In our last blog, we talked about the important and inevitable challenge of raising rent. While no tenant is ever happy about paying increased rent, landlords occasionally need to boost rent to ensure their own financial security and livelihoods, not to mention making the kind of changes and improvements that tenants expect from a high-quality property. As we discussed though, the tenant-landlord relationship doesn’t need to be a game of winners and losers: if landlords are reasonable in their approach and mindful of what their tenants can pay, they can achieve an outcome that works for both parties.

However, to get tenants on board with a potential rent increase, you need to know how much you should increase the rent. After all, raising rent is useless if the tenants cannot or will not pay the new price.1 There are a number of different factors that a landlord must keep in mind when considering a rent increase, as they will help them determine how much they can reasonably charge without losing tenants.

Factors for Determining How Much to Raise Rent

First and foremost, if you are going to increase rent, you will need to look at current market values and vacancy rates. Before increasing anything, you need to know the value of the property and where it stands in comparison to your local real estate market.2 Do some research and compile a list of the rent from available units within your property’s neighborhood and use those prices to guide how much to increase your rent.3 People aren’t going to flock to your property if vacancies in the area are high and other properties are more affordable.

Other factors to consider are whether or not you have stayed on top your maintenance needs.4 You can’t reasonably increase rent if your property is poorly maintained. On the opposite end though, if you’re made significant upgrades to your rental properties while your current tenants are living in it, you may have a good reason to adjust your rent price to reflect those upgrades. Increased quality the rental unit can translate to increased quantity of rent. Tenants might also ask for specific upgrades before agreeing to a lease renewal and rent increase, so keep this in mind too.5 Also, don’t forget to consider how timing and seasonality can impact rent price. Just like any price in our economy, rent price is subject to the laws of supply and demand, and rental properties are often more desirable during specific times of year.6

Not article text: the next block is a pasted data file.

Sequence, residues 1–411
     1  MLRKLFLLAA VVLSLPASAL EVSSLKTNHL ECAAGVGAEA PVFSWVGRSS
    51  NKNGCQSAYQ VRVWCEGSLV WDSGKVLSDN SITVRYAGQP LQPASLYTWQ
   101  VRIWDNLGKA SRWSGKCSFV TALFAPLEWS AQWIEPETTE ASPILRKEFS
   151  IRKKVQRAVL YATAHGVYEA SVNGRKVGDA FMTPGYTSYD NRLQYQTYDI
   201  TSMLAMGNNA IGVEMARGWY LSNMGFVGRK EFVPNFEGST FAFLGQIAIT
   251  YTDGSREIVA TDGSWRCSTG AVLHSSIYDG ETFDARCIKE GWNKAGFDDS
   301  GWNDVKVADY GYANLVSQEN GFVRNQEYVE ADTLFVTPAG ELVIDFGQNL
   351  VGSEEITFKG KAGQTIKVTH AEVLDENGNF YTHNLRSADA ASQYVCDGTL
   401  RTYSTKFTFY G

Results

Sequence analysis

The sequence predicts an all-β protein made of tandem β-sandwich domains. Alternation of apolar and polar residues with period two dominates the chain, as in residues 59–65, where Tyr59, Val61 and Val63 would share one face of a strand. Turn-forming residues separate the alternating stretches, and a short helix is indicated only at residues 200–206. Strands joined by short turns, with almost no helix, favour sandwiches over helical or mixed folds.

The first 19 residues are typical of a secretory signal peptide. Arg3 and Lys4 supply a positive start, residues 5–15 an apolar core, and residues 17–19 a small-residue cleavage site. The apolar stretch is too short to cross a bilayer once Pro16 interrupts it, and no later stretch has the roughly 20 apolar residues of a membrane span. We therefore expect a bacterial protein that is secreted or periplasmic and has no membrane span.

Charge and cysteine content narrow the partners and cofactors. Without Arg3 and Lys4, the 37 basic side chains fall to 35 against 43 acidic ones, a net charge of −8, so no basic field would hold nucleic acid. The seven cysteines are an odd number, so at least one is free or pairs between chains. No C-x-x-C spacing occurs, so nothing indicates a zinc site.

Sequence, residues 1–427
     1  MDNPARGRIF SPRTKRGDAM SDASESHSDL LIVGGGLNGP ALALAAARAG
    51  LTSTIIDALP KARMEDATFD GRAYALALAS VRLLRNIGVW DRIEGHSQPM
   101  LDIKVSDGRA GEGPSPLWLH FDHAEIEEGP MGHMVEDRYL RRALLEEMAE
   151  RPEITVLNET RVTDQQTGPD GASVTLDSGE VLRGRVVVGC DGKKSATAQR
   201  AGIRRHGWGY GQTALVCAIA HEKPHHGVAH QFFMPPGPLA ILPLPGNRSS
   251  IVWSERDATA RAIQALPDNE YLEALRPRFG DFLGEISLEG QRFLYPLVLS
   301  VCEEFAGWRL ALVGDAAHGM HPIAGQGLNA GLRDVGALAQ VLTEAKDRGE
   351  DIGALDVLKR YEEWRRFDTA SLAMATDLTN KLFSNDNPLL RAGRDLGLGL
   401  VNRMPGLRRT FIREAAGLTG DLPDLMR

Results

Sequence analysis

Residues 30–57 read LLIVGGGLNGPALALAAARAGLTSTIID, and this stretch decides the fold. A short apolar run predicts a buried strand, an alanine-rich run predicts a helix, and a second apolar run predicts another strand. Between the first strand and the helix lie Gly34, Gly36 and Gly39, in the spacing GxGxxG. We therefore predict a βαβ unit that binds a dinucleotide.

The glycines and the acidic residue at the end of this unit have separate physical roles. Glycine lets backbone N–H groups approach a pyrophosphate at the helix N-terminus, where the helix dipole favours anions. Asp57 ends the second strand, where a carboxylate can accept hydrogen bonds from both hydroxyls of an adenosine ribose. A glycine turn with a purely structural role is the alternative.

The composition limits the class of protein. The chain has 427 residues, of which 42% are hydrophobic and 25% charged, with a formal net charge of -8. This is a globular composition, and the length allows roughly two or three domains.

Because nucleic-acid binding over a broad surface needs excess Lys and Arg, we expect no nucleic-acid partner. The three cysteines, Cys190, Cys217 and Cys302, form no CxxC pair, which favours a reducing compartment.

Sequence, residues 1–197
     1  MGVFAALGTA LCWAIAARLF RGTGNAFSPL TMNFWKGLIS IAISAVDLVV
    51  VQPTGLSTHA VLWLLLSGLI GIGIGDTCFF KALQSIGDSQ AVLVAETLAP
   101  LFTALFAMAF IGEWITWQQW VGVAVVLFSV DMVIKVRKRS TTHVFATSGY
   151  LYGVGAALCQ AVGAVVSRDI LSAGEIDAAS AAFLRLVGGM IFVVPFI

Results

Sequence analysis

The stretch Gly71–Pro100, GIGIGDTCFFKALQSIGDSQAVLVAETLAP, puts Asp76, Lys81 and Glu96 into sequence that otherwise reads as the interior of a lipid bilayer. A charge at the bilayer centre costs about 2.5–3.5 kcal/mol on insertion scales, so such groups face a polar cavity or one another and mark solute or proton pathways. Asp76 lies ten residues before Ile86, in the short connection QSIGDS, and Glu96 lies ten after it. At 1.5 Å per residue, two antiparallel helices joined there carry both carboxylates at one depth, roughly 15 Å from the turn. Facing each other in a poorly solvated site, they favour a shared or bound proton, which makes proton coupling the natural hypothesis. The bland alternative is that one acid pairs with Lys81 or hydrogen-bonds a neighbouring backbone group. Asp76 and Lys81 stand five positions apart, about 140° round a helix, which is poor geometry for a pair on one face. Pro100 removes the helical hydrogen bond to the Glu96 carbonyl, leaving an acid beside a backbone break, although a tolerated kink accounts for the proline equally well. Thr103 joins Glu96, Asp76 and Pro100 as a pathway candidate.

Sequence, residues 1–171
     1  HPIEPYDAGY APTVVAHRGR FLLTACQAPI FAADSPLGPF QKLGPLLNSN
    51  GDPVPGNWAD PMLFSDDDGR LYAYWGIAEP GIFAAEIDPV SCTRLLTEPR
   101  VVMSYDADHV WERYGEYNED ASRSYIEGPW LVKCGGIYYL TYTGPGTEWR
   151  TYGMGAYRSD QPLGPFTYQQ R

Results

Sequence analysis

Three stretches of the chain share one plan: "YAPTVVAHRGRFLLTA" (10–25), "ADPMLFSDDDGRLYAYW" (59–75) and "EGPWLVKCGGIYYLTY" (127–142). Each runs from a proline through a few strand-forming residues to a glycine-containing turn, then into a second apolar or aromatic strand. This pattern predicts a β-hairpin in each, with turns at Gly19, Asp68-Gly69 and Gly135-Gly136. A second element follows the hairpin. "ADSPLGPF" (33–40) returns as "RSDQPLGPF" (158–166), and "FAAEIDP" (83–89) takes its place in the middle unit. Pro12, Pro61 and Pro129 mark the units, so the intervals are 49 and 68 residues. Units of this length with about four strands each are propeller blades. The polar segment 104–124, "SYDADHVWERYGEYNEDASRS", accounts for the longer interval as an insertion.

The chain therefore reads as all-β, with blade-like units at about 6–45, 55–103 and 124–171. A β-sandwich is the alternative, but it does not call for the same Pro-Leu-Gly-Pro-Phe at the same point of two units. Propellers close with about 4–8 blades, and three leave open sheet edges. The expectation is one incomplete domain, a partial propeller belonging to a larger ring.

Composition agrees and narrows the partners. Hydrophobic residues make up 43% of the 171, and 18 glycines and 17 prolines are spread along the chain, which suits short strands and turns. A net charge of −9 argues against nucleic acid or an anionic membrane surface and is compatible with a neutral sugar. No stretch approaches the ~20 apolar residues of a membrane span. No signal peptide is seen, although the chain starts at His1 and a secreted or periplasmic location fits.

Along with various market-related factors, you also need to consider the simple question of whether your tenants can afford to pay more than they already do.7 Of course, landlords have their own expenses to worry about: mortgage payments, taxes, insurance premiums, higher utility costs, HOA dues, repairs, and more.8 But none of that means that you can ignore tenants’ expenses. It’s one thing if you’re looking for new tenants, as you could potentially draw new people to property even as the rent goes up, but no current tenant is going to accept a dramatic rent increase without good reason.9 Plus, you need to factor in security deposits, as rent increases often trigger increases to security deposits as well.10

Check the Local Rental Laws

Both state and local laws can vary greatly in terms of raising rent when renewing a lease, so it is vital for landlords to go over both before making any changes.11 In most areas without rent control, there is no limit on the amount a landlord can increase the rent, though they still cannot increase rent on a whim.12 The timing of a rent increase and the way a landlord communicates it are governed by statute in most states, mainly to prevent landlords from increasing rent in retaliation against their tenants and to prevent discrimination.13